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Don’t Fear the Dentist! Doggy Dental Care for Dummies

One of the most endearing dog characteristics is a big, wide smile. But if your dog has bad dental hygiene, his mouth may be the last feature anyone wants to see (or smell).

Not only can bad oral care be disgusting and unsightly, but it can also escalate into serious health issues if not addressed properly. According to a publication by the Banfield Pet Hospital in the Periodontal Literature Review, estimates suggest that 85 percent of canines suffer from periodontal disease by age four. Not to worry though; with simple regular maintenance, your pooch can ditch the doggy breath and keep a dazzling smile throughout the years.

Periodontal Disease: Signs and Symptoms
The first sign of periodontal disease is the infamous “doggy breath” we have all gotten a whiff of at one time or another. If bad breath in your dog is a recurring issue, it may be time to consult a veterinarian. Disease typically starts with a bacterial invasion which takes the form of plaque on the surface of the teeth. Plaque in its early stages can easily be scraped off when your dog eats hard food or chews on a toy. If the plaque remains, however, it may accumulate into calcified tartar and eventually lead to gingivitis, bleeding and swelling of the gums. The bacteria can also infiltrate the dog’s bloodstream and cause disease to the lungs, kidneys and heart. Professional intervention will be needed at this point to prevent the plaque from causing a full-blown infection which can cause tooth deterioration, loss and severe discomfort for your dog. Now that doesn’t sound like so much fun for Fido, does it?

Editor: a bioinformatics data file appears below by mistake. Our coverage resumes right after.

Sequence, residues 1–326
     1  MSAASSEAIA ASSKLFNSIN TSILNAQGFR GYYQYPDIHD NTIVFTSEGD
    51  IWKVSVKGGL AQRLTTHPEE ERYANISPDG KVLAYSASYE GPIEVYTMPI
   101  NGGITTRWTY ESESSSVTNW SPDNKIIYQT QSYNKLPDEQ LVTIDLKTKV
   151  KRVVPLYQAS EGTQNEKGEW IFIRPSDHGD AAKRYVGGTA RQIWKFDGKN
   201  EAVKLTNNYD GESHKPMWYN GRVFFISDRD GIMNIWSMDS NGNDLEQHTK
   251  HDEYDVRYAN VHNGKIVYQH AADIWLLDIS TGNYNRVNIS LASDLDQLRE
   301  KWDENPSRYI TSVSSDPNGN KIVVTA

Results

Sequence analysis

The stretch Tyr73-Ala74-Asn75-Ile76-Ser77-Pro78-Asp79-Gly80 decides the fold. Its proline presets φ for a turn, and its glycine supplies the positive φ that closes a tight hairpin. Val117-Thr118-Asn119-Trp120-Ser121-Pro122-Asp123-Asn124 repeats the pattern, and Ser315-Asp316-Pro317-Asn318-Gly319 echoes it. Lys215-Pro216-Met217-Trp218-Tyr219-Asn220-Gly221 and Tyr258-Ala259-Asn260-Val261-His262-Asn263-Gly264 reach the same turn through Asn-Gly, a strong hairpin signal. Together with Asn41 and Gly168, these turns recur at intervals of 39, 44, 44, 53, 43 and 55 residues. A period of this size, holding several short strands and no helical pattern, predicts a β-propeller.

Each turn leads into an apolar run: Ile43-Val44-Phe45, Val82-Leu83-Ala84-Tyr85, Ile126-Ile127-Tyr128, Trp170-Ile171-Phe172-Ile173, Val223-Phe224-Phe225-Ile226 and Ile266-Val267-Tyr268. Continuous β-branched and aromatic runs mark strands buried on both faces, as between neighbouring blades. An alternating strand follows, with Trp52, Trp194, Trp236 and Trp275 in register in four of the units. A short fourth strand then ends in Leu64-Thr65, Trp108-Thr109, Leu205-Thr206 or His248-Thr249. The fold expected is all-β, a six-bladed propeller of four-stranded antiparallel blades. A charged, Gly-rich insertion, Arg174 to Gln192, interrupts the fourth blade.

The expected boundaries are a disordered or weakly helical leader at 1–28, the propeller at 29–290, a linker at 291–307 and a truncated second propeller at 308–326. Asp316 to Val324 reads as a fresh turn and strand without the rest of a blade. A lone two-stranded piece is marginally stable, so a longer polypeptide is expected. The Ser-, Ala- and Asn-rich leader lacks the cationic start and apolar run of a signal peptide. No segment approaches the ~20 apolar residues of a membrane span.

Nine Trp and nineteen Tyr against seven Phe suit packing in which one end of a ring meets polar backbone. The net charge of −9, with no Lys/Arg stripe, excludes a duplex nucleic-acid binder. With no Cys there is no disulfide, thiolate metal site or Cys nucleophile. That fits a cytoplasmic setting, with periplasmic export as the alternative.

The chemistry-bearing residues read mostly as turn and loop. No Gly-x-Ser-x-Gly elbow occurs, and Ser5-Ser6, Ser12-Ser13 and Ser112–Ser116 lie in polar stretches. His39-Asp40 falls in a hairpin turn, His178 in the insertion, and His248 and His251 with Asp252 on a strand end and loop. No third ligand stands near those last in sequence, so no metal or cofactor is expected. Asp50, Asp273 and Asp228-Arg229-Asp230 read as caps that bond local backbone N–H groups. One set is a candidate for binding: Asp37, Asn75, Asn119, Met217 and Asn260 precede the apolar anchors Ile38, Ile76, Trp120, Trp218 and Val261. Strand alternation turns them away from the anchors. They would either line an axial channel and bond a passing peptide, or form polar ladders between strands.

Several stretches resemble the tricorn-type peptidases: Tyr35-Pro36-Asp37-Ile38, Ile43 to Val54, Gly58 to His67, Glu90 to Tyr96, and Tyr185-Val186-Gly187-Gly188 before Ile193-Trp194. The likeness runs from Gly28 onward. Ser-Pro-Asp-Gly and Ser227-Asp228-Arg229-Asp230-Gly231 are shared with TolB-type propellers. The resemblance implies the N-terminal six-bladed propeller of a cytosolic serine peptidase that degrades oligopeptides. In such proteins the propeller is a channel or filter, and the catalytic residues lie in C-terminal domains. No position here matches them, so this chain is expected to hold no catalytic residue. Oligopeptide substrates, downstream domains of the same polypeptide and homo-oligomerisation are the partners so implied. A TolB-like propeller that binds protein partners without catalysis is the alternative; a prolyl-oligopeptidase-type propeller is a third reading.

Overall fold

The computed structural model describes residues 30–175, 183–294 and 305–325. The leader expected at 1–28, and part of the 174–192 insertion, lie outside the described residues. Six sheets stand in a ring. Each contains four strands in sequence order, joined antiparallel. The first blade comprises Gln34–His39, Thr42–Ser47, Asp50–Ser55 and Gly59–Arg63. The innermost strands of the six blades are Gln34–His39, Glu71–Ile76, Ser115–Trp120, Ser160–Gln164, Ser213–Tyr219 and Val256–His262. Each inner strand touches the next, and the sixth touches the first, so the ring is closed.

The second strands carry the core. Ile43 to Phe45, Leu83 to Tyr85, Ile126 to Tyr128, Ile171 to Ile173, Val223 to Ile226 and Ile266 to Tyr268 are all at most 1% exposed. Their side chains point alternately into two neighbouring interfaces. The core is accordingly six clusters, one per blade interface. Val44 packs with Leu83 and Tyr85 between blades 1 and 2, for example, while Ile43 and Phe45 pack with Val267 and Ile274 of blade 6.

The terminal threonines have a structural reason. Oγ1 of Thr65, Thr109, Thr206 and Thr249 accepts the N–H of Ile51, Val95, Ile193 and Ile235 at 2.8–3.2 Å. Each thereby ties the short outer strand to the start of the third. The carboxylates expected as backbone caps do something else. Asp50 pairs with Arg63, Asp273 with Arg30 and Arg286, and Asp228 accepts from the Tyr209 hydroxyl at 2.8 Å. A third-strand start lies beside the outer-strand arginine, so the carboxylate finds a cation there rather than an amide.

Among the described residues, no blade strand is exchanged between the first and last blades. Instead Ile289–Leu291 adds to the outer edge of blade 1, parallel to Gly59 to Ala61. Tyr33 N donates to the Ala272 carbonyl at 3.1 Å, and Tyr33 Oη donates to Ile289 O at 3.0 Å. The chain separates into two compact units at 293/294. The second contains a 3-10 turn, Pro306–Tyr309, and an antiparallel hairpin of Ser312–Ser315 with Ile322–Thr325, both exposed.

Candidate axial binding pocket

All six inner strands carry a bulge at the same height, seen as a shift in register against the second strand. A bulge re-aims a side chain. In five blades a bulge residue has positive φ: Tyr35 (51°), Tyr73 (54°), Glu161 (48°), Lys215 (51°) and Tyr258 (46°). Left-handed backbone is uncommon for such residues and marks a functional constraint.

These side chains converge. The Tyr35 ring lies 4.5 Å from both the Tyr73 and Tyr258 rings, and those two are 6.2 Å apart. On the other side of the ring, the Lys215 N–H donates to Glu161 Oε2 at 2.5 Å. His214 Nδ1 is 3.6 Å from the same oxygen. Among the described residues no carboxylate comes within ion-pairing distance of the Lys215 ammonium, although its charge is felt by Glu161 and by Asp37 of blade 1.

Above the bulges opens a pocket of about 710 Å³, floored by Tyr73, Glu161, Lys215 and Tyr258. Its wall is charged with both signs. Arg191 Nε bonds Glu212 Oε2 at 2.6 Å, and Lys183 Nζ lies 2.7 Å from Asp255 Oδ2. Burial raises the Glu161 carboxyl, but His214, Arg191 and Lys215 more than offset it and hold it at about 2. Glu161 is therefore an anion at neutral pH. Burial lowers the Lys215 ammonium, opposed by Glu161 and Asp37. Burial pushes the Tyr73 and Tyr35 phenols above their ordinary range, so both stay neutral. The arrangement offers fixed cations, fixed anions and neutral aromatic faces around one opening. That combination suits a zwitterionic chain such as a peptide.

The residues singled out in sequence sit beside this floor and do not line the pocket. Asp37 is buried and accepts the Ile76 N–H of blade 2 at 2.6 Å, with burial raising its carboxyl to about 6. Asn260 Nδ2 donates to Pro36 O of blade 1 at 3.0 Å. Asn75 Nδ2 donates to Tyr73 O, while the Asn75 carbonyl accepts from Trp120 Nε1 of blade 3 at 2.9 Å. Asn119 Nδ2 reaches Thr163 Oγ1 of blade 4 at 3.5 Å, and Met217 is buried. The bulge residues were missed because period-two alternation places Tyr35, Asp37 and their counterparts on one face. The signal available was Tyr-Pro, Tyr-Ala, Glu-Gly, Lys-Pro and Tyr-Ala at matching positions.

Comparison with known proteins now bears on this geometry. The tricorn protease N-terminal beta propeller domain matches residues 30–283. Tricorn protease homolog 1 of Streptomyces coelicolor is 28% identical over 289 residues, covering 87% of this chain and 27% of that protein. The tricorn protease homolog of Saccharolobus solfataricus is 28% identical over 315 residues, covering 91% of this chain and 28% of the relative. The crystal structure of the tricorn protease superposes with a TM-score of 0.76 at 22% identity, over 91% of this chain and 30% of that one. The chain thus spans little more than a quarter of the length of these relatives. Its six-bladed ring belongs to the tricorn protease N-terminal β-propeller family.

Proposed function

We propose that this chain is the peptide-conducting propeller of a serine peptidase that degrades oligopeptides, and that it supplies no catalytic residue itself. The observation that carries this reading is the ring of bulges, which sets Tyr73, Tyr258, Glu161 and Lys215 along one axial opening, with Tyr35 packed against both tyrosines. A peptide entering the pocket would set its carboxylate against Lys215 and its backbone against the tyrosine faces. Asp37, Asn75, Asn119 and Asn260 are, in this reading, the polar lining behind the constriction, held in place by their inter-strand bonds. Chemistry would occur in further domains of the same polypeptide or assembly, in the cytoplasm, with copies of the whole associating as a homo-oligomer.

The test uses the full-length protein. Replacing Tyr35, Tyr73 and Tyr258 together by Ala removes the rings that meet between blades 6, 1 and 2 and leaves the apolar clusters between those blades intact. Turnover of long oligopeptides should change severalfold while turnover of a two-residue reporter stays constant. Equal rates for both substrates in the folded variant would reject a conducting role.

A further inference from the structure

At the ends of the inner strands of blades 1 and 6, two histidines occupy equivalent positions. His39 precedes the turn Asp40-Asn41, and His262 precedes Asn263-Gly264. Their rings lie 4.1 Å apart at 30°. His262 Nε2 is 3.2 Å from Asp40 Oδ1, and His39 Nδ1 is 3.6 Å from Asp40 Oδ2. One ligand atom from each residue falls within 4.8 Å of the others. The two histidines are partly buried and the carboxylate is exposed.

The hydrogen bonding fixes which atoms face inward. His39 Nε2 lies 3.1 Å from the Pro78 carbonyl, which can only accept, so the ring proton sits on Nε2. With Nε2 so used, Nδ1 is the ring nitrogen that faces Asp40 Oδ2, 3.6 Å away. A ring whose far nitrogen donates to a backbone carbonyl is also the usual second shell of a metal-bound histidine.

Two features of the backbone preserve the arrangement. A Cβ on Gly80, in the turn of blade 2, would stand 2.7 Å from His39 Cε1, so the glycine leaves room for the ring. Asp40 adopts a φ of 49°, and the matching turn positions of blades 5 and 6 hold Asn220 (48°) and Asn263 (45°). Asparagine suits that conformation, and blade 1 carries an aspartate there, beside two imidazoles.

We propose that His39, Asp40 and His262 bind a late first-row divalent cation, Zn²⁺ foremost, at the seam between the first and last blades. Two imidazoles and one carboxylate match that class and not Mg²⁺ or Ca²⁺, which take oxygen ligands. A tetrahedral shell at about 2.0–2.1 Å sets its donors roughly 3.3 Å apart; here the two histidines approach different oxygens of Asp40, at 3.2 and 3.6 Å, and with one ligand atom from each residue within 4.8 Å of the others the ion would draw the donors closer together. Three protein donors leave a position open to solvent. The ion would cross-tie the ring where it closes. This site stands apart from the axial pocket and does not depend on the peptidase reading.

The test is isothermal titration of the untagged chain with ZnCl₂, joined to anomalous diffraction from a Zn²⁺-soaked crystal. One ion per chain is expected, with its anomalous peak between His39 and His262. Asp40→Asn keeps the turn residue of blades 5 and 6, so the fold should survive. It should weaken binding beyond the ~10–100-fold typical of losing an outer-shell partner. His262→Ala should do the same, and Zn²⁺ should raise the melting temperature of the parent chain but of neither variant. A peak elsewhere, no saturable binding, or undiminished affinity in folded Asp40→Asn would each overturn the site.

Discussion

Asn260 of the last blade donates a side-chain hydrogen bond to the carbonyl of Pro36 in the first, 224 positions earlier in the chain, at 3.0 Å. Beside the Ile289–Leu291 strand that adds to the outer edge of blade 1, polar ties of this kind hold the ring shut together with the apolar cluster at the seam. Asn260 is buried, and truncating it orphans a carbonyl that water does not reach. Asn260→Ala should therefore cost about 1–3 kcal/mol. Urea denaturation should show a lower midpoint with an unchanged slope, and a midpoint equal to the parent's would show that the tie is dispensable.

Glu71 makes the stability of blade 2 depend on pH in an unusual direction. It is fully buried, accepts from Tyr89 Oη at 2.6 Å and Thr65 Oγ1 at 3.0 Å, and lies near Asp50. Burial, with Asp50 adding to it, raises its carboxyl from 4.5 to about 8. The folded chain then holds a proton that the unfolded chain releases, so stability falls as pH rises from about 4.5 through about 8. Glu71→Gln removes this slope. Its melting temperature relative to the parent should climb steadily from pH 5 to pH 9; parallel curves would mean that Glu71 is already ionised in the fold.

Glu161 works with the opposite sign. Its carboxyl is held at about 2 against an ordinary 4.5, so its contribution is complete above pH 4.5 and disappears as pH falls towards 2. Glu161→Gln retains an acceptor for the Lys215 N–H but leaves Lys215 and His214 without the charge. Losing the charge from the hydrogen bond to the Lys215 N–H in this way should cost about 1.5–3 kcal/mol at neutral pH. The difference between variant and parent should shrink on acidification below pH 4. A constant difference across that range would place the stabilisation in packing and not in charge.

Veterinary Care
Aside from regular dental checkups, professional teeth cleaning that requires anesthesia should be done about once a year to remove plaque buildup. It’s a good idea to do your research before choosing a veterinary dentist, as well as bring your dog with you on your consultations to get both of you more comfortable for future visits. Your vet may perform a dental X-ray on your dog to check overall dental health and for abnormalities that may not be present in a general checkup. Before cleaning, the vet will administer a pre-anesthetic exam to make sure your dog is healthy enough to undergo anesthesia. Once the safety of the procedure is confirmed and anesthesia is underway, your dog’s vital signs such as respiration, body temperature and heart rate while be monitored throughout the process. Then, much like the cleaning that takes place at your own dental visits, the vet will scale and polish the teeth of your dog, scraping off plaque and smoothing out rough areas. The vet may apply fluoride as a protective barrier to strengthen the teeth until the next visit.